LONDON, Ont -- A report from the London Transit Commission (LTC) may be putting a new wrinkle in the city’s plan to reduce speed limits in residential areas.

It’s a case of cost versus safety on London's city streets.

The LTC report says reducing speeds to 40 km/h on collector roads would cost taxpayers millions of dollars.

Now city councillors remain divided on whether it's worth making the change.

Either passengers wait longer or taxpayers dig deeper. Those are the choices, according to the LTC, if city buses are required to slow down to a maximum of 40 km/h on collector roads.

Last month council approved a plan to reduce the speed limit on residential side streets to 40, but held off on collector roads before consulting with the LTC.

The report warns that more service hours to make up lost time would add $3.8 million per year in operating expenses, plus $4.8 million for eight new buses.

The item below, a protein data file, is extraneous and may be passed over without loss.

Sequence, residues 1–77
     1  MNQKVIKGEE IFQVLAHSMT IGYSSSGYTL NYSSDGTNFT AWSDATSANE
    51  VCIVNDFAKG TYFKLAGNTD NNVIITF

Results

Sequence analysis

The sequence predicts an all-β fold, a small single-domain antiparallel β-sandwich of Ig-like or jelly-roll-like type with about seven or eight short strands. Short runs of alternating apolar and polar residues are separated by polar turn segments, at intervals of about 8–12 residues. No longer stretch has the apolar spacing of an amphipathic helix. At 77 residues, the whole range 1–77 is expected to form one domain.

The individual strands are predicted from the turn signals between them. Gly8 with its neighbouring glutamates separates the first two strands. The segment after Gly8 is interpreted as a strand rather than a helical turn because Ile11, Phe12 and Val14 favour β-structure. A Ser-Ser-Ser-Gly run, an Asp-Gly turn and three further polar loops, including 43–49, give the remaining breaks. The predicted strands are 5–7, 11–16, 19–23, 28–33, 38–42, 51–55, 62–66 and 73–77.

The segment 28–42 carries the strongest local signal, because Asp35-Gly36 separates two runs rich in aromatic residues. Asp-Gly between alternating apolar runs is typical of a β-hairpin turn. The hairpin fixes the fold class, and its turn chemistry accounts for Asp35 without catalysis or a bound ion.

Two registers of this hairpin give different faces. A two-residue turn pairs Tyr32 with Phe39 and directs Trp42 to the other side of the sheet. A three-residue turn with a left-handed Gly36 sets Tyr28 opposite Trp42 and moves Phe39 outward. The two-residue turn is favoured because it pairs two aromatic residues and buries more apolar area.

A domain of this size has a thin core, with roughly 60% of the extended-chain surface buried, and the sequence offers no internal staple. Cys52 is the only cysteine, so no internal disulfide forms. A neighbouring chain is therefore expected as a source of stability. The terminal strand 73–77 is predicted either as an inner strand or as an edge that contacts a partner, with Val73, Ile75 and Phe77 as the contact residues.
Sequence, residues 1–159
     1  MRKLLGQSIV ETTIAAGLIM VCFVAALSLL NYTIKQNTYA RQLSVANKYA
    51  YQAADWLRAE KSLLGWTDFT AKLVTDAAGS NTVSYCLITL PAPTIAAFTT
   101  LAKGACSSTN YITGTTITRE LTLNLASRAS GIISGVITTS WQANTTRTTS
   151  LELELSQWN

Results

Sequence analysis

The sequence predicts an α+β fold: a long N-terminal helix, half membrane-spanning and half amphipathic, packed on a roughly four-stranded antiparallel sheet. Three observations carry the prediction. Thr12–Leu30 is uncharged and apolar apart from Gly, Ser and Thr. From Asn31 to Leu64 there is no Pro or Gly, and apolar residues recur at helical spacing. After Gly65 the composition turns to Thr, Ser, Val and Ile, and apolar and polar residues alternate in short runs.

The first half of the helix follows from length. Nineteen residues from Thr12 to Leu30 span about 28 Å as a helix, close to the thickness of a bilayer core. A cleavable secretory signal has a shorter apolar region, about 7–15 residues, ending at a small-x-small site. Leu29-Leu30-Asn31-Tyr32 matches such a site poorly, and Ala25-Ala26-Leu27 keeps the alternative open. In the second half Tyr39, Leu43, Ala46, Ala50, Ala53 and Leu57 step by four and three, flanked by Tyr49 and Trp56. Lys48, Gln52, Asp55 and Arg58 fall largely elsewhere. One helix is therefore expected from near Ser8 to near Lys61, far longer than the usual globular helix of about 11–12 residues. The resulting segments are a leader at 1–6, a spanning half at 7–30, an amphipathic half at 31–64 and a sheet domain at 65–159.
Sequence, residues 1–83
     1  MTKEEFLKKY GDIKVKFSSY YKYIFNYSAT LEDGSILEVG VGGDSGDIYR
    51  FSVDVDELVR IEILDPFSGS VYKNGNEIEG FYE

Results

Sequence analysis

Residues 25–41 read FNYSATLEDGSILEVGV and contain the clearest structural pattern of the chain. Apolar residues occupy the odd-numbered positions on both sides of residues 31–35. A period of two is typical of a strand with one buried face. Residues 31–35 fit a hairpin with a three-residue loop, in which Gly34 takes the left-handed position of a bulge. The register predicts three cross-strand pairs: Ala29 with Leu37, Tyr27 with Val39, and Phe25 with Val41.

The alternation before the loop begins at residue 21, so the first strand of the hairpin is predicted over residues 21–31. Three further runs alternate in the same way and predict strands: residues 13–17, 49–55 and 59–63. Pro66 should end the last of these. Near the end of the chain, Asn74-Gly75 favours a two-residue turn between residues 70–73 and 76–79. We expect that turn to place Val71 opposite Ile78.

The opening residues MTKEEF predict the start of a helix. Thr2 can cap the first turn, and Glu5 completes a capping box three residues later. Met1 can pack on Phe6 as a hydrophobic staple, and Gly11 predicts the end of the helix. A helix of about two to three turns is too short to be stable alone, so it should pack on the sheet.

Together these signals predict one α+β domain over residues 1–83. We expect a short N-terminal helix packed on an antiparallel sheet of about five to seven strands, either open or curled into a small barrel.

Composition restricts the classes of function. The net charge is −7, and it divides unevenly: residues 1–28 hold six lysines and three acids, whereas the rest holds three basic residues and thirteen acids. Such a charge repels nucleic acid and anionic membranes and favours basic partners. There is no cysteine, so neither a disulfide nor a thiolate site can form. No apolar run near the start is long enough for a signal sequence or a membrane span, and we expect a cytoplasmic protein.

“We're talking about operating costs to have extra buses on the road, extra drivers on those buses, or we simply reduce our service standards,” says Councillor Shawn Lewis, reacting to the report.

“So that’s not a small amount of money. That’s a significant impact.”

Councillor Elizabeth Peloza says it's worth the cost for safer streets.

“Interestingly enough as councillors come out with, ‘Are we going to do 40 or not on collectors,’ my residents have been writing saying, ‘Can we have it, can you please do it.' A lot of streets are looking for traffic calming measures.”

In the meantime, Lewis is calling for council to hit the brakes on any further changes to speed limits